Wednesday, April 4, 2007

Spread Trading In A Choppy Market

This is a chart of the NYSE Composite Index. The top panel shows the adv/decl line moving average, the middle panel is the price, and the bottom is volume. The trend line marked "A" shows that the adv/decl moving average is not confirming the price move, "B". The downward sloping volume over the last two days should also give some caution to the idea of adding new long positions. This decreasing in volume is often the norm on holiday short week; the market will be closed Friday in observance of Good Friday.

This chart of the Nasdaq Composite is similar to that of the NYSE. When the adv/decl momentum lags the price of the market, it means that less and less stocks are carrying the load in the rally. The rally the past couple days because of oil taking a pause in its upwards move and the British hostages being released by Iran, is very suspect. Oil is still over $64 and tensions in the area regarding Iran still exist. That being said, with a holiday shortened week, it won't take much for the market to finish positive again today. It should be interesting to see if the market is up with an hour or so to go in the day, if it can hold the gains.

One strategy to use when the market is giving mixed signals is to look for spread trades. This is where you buy a stock you already like, and then look for a stock in the same sector, often a competitor, and take a short position in that stock. This, when done right, can help keep you in a winner in a choppy market.

This chart shows Juniper Networks and Cisco Systems. The top pane shows the spread(jnpr/csco)between the two stocks. When Juniper is outperforming CSCO, the blue spread line will slope upwards; the spread is increasing. To enter a trade like this, if you liked Juniper when it broke above the upper channel line, you would buy Juniper at that point and then short sell Cisco at the same time. You would stay in the trade as long as the spread was increasing in your favor. Increasing means that Juniper would be stronger than CSCO.

So the people at Cisco think JNPR is over priced? Well they can do the opposite trade. They might feel that JNPR should not be breaking out of that channel. So they would short JNPR and buy CSCO, with the intention that the spread would come back together, and that CSCO can not lag JNPR for long.

Another example is taken from a trade in 2005 between two coal companies, Arch Coal and Massey Energy.

In this trade MEE(Massey Energy) broke down out of a triangle pattern, and a short position was entered. There was a lot of talk at the time that Massey's coal had a high sulfur content and was not as desirable as some of the other sources. It was not an easy short idea on a fundamental basis because there was a big focus on the price of oil, and coal was still being talking about on a regular basis as an abundant alternative. Because of the risk of oil continuing to go up, shorting coal was not a risk free trade. To minimize this risk, a long position was entered in ACI(Arch Coal). This trade worked on both the long and the short side. This is not the usual case in a spread trade. The short trade on Massey energy was a +12pt winner, and the long trade on Arch Coal was a +7pt winner. In most cases the hedge side of the trade takes away from some of the profit.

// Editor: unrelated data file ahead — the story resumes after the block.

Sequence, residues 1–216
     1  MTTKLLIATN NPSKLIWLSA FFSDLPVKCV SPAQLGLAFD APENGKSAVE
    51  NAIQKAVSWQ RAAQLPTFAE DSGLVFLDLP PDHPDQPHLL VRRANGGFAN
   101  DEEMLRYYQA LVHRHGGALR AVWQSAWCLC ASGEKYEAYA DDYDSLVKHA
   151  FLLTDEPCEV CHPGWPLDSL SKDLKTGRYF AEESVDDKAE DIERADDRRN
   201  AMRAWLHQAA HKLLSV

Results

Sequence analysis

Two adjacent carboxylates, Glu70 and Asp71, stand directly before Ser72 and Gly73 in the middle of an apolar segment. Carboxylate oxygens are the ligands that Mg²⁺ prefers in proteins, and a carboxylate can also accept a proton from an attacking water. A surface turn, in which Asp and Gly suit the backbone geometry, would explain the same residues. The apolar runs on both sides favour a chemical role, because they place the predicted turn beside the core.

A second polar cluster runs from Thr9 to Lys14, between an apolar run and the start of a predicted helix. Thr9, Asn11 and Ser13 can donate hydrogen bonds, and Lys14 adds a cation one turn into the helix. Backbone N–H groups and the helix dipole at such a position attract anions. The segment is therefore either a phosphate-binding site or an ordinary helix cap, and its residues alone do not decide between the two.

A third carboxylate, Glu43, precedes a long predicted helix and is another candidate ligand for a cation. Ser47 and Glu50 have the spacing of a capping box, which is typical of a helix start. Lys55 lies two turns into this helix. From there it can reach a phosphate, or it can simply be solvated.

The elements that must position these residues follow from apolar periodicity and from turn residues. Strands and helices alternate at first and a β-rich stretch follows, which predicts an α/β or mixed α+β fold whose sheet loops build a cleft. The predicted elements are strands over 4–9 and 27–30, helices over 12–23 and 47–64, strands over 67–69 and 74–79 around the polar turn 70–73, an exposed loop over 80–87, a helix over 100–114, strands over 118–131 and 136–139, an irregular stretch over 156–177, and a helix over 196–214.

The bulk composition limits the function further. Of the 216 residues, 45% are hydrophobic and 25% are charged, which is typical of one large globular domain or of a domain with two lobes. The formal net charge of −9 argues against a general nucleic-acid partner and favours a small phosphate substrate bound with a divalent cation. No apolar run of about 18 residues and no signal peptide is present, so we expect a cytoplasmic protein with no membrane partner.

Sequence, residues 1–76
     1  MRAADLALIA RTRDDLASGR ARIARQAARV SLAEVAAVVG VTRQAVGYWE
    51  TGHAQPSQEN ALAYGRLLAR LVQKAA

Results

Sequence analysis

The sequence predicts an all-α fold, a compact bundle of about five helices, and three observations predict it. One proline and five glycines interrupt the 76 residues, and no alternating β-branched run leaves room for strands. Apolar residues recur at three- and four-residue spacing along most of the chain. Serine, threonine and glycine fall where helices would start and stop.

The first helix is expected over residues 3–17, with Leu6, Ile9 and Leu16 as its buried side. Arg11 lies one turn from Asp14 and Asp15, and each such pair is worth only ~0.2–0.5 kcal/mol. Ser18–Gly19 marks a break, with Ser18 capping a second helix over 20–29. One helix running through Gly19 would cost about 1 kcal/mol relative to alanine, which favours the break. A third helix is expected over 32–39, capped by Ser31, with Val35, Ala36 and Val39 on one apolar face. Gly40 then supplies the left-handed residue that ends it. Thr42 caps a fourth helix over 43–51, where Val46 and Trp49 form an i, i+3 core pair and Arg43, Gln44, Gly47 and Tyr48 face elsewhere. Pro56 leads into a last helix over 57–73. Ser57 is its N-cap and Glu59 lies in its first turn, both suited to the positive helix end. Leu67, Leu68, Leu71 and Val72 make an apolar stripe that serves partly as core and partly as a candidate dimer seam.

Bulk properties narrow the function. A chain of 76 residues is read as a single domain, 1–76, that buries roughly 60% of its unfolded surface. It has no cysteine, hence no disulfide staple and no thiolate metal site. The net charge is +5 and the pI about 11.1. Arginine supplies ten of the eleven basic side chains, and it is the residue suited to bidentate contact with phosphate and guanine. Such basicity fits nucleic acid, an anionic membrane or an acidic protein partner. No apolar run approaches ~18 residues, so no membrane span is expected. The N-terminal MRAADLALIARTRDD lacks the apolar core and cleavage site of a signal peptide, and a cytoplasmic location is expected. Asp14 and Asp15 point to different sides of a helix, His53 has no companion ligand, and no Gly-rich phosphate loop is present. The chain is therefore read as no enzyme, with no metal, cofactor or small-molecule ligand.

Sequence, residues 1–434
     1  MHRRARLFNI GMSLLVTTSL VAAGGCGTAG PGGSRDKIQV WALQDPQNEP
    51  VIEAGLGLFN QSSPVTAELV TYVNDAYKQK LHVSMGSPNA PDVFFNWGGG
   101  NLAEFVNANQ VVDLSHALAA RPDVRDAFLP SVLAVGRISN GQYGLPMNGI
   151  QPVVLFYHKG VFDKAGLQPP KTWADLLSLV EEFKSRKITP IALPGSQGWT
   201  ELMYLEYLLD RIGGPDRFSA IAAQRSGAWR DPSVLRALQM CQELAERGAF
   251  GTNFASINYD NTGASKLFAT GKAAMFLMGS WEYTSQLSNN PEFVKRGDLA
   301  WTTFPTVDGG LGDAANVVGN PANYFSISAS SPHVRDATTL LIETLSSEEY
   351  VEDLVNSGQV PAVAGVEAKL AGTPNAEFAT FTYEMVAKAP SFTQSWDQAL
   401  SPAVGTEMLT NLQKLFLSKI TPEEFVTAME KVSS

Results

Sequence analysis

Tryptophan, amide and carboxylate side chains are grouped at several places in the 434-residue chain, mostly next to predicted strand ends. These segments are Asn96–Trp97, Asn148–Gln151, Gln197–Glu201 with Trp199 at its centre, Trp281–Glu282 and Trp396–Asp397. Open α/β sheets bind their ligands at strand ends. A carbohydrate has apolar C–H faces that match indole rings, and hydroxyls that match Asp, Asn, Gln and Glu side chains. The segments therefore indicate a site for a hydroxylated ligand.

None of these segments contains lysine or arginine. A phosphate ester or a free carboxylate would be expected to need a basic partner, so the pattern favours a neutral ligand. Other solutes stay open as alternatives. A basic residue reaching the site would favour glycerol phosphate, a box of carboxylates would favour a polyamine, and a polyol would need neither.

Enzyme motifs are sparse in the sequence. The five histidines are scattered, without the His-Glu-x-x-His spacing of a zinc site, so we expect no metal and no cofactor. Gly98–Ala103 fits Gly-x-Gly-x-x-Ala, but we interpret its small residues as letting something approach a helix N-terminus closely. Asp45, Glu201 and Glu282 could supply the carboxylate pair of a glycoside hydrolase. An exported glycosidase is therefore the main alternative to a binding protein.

An all time favorite spread to watch is between Goldman Sachs and Morgan Stanley. A short time after Goldman Sachs become public, there were stories that people at Goldman Sachs had shorted Morgan Stanley stock because the stock they owned in their own company was locked up; they could not sell for a certain period of time. Whether this story was true or not, it made for fun in watching the two stocks. With John Mack back at Morgan Stanley the stock has done well, but Goldman Sachs is still the leader. I still wonder if they short each other's stock. Maybe that explains why GS outperforms in the spread?

This chart is of the S&P 500 and the XLB(materials spdr). The top pane shows the spread between the two, along with a linear regression indicator of the spread. As long as this linear regression indicator is sloping upward, XLB is outperforming the S&P 500. This can be used to create a spread trade with either the tracking stocks of each index or through options. Spread trades can be expensive to carry, because there are two sides to each trade. It is not like owning one position, it requires more capital, so options can be an alternative at times.

When the XLB is outperforming, it is also a time to look into the material stocks to see which ones are leading that subindex. A few metal stocks did well on Wednesday.

Coal sector had a good volume day:

Some Triangle Patterns:

This looks like the stock that is carrying the heavy load in the DOW 30.

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